Laboratory mice that spent only two weeks in orbit showed early signs of liver damage after returning to Earth, which raises concerns about how long-term space flight can affect people, researchers said on Wednesday.
The results may be of interest to the US space agency, which plans to send people to distant space directions - missions of the 2030s, such as asteroids or Mars, which will require a long stay in space.
NASA is already studying the effects of a long-term space flight on the human body, and recently sent one of its veterans, astronauts Scott Kelly, to a 340-day orbit of the International Space Station, a mission that also included a Russian cosmonaut.
"Before this study, we really had some information about the effects of space flight on the liver," said lead author Karen Jonscher, an associate professor at the Department of Anesthesiology and a physicist at the University of Colorado Medical Center. "We knew that astronauts often came back with problems like diabetes, but they tend to be resolved quickly."
The mouse spent 13, 5 days aboard the space shuttle Atlantis in 2011.
After her return to Earth, the researchers found that space flight had an effect on certain cells that could lead to scarring and long-term damage to organs.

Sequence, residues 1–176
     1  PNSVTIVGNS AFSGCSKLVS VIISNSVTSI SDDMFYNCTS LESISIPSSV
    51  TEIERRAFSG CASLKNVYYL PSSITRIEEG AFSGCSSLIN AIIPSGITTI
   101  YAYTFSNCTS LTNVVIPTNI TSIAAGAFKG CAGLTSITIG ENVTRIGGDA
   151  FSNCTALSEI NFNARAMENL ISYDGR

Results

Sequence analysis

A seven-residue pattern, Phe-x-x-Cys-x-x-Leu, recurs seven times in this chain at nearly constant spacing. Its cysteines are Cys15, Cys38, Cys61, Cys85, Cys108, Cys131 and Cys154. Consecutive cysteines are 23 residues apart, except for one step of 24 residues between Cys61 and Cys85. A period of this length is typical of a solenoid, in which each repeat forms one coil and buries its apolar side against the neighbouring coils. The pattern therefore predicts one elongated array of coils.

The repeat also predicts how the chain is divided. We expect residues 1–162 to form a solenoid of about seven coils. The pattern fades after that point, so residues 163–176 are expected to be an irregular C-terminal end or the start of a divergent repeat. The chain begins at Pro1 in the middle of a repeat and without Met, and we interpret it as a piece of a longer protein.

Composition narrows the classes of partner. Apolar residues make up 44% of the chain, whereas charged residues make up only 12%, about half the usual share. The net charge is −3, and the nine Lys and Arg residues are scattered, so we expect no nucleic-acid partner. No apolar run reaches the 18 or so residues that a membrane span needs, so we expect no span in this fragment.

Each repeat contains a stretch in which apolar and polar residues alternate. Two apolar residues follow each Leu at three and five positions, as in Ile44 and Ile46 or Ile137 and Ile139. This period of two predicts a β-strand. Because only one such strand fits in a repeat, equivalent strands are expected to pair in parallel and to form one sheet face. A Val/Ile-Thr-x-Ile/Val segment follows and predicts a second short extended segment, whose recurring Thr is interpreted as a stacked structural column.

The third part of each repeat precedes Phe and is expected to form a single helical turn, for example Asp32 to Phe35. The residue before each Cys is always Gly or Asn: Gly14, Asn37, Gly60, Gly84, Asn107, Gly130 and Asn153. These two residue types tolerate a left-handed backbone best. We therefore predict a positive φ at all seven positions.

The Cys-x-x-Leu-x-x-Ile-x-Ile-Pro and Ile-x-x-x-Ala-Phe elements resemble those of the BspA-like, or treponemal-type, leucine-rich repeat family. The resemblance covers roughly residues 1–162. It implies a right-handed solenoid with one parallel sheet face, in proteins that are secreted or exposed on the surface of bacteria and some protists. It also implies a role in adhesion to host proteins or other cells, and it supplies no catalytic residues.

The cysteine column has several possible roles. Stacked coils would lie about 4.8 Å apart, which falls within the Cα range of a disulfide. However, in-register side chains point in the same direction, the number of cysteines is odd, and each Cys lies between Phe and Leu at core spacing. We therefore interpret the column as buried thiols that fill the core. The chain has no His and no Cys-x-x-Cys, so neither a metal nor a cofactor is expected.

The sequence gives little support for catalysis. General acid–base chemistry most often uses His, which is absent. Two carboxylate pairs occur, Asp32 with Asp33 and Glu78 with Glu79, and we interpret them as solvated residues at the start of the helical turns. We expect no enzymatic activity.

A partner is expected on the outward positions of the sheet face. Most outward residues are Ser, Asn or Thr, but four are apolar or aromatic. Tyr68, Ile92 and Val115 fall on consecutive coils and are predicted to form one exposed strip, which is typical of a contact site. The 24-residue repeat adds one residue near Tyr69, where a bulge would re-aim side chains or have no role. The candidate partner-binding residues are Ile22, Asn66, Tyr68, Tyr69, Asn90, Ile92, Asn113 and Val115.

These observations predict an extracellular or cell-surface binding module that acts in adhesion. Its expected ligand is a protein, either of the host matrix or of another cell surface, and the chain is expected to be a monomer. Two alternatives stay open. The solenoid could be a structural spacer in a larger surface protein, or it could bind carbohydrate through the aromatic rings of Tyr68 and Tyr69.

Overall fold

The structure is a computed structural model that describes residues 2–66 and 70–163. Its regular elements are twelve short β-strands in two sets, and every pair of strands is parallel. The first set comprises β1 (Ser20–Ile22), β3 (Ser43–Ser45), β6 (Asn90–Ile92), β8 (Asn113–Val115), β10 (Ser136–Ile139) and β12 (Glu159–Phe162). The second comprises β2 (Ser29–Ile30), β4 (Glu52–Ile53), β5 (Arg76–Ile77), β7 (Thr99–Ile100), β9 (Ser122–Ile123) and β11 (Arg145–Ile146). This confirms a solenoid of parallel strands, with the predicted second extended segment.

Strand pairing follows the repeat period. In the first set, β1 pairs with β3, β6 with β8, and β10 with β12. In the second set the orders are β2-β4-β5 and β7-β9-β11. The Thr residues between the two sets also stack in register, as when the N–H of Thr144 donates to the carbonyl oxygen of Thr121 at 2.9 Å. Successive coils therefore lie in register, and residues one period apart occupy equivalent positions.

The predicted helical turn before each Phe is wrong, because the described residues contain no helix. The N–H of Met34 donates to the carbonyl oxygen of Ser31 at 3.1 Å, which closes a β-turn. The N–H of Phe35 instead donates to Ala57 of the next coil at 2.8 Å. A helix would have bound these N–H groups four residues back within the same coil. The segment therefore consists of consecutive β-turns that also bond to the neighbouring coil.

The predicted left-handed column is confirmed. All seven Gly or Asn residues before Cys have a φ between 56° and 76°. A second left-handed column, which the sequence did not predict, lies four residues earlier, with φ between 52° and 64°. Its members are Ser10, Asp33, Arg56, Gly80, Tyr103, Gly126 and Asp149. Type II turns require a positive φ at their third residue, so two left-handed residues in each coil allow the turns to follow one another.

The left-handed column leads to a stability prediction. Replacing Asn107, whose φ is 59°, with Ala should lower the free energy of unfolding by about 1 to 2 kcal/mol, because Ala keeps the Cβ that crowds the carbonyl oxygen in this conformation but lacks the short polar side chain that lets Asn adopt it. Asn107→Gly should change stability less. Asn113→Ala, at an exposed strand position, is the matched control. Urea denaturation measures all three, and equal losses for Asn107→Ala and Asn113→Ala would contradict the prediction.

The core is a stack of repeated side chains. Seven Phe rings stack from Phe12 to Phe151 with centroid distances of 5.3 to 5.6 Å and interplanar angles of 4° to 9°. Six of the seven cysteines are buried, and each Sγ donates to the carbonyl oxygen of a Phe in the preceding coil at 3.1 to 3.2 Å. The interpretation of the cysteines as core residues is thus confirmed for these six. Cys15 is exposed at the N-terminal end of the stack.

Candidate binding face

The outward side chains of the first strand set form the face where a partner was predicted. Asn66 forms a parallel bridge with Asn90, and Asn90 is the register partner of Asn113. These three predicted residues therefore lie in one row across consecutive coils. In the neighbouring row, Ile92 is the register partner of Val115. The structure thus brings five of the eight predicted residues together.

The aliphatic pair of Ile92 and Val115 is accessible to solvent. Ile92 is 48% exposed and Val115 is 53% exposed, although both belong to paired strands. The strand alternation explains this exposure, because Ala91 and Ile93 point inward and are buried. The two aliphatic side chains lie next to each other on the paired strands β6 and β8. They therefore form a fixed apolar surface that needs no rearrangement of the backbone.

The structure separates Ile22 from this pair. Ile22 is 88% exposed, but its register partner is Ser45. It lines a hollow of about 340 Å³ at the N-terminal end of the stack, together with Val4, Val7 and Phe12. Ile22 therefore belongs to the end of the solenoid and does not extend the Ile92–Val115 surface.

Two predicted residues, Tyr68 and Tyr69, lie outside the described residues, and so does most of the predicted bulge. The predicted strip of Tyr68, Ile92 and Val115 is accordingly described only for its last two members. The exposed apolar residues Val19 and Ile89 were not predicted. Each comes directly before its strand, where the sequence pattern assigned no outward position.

Namely, mice showed an increase in fat accumulation in the liver, as well as a loss of retinol - an animal form of vitamin A.
There were also changes in their ability to break down fats, and signs of non-alcoholic fatty liver disease (NAFLD) and “potential early indicators for the onset of fibrosis, which may be one of the most progressive effects of NAFLD,” the study says.
Researchers already know that space flight can lead to loss of bone and muscle mass, as well as changes in vision and brain function in humans.
Jonscher said that in order to develop signs of liver damage that they saw in mice, it is usually necessary to eat unhealthy foods from several months to several years. “If the mouse shows nascent signs of fibrosis without changing the diet after 13, 5 days, what will happen to people?” She asked.
The results were published in the journal PLoS ONE.
NASA did not immediately respond to a request for comment.
“Regardless of whether this problem exists or not, the question remains open,” said Jonscher.
One of the possible options is that the tension of space flights, in particular, rocking, noise and turmoil on departure and re-entry into the Earth’s atmosphere, contributed to liver damage.
Further studies on the tissues of mice that have been on the International Space Station for several months may shed more light on the question of whether microgravity plays a role in liver damage.
"We need to look at mice participating in a longer space flight to see if there are compensatory mechanisms that come into play that could protect them from serious damage," said Jonscher.